Straightening Strips.

Strips have to be straightened before planing down to size. The best way to straighten the strips is by heating them over a heat gun. This softens the lignin in the cells and allows the strips to be bent straight. Strips retain their new shape when cooled.

Bamboo strips have nodes where leaves attach that need to be smoothed out by sanding and or planing. Heating the nodes and squeezing them in a vise also helps flatten and straighten the strips.

You can spend literally hours and hours hand planing a dozen 1/4” square strips down to a 1/16” triangle. However, you can drastically reduce hand planing time using a power planer.

I routed three 60 degree channels of varying depths in a block of wood and clamped it to my Delta 12 1/2” planer. Then ran square strips through the grooves flattening one side at a time, turning and repeating until the square strips transform into a triangle. 

The deeper channel makes the strips the right thickness for butt sections and the narrower channel for tip sections. The strips are the same thickness from end to end at this stage and ready for planing to specified tapers.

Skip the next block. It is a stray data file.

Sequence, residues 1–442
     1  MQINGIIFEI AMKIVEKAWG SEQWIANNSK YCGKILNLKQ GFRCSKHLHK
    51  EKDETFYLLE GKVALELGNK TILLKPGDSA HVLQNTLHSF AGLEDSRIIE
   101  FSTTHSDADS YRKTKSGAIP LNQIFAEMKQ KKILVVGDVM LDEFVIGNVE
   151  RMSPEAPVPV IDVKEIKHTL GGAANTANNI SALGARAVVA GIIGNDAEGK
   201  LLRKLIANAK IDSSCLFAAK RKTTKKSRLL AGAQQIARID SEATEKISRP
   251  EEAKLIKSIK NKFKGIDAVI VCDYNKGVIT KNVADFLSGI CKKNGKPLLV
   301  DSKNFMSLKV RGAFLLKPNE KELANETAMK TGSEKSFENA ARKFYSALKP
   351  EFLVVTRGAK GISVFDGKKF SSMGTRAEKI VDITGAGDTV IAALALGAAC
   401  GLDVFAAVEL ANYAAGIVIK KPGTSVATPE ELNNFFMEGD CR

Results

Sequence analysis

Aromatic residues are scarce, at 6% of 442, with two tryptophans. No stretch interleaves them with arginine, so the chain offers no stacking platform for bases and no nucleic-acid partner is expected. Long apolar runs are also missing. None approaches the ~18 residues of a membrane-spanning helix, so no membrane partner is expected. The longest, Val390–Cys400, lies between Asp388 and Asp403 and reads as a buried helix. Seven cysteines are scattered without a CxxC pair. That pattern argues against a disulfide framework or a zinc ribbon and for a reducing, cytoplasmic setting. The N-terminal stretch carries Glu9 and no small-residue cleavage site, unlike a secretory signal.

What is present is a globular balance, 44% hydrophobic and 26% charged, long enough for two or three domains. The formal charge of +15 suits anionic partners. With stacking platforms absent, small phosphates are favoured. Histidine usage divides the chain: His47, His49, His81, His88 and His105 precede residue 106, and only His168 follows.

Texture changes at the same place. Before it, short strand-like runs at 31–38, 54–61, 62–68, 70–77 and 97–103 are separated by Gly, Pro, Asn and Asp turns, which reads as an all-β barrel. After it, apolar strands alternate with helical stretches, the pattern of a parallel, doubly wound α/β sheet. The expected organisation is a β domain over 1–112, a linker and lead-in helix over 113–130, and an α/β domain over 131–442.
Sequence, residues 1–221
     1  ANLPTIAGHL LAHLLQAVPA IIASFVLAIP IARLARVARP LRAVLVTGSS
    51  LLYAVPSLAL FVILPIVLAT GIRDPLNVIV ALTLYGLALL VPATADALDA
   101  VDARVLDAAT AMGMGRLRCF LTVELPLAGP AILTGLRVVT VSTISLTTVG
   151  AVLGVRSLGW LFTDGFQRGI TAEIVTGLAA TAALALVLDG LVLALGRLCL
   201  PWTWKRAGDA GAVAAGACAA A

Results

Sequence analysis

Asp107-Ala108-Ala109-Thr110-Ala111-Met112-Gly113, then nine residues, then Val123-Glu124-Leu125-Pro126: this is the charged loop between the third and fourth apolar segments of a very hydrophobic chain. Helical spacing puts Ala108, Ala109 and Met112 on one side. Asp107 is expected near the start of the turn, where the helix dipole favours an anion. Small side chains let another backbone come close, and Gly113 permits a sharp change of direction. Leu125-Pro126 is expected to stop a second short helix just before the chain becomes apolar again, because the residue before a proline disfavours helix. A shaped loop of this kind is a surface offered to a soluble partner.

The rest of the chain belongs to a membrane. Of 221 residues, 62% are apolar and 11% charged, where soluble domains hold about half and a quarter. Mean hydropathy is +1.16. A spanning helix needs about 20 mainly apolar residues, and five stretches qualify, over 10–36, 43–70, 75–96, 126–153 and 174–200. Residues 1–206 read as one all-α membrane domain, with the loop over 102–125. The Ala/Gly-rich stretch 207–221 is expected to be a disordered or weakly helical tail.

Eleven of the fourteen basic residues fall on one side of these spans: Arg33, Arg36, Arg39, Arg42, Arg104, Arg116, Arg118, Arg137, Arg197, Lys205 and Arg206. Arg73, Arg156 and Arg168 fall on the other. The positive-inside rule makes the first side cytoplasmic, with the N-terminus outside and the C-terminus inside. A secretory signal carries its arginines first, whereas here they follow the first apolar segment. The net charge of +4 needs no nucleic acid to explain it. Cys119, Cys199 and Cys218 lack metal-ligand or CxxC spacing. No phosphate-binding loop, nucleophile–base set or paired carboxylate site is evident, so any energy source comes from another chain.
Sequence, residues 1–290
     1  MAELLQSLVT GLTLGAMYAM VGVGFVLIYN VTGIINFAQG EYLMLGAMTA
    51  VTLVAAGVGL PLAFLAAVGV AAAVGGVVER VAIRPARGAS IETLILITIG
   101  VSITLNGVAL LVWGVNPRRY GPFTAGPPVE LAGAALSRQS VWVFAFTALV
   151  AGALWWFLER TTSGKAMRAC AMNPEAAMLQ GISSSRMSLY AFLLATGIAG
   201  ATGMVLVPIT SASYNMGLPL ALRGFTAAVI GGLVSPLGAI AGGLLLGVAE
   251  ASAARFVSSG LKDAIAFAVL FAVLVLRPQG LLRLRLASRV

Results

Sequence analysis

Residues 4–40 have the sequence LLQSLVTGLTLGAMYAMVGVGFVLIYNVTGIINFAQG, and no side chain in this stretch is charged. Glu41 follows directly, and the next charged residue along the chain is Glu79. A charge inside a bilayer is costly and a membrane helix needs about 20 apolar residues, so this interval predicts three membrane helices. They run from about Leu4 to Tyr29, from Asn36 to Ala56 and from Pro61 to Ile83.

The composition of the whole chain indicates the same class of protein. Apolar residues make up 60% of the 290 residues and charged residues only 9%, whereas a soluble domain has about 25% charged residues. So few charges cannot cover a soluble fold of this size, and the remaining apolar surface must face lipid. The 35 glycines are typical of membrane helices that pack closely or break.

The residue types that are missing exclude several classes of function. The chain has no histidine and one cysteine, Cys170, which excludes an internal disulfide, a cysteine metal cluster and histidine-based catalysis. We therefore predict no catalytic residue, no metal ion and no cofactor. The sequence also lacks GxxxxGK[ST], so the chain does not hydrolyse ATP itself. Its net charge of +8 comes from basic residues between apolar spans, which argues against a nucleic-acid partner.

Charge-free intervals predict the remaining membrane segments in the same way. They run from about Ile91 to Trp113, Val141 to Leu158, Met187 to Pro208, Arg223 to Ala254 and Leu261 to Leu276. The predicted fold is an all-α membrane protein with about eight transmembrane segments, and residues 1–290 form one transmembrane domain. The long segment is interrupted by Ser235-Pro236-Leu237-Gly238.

Now is a great time to strengthen the bamboo by heat treating. Tradition teaches that heat treating makes bamboo stiffer and reduces the tendency of the rod to “take a set” or remain bent.

Twelve strips (six for the tip and six for the butt sections) can be tightly bundled up and put in an oven to be dried and strengthened. Fifteen minutes at 250°, fifteen minutes at 350°,  finally, fifteen minutes at 250°. My oven is a four inch galvanized steel pipe inside an eight inch pipe. A heat gun blows down between the two pipes and up the four inch pipe where strips are suspended. Note, I have since wrapped the oven in fiberglass insulation to retain heat evenly top to bottom.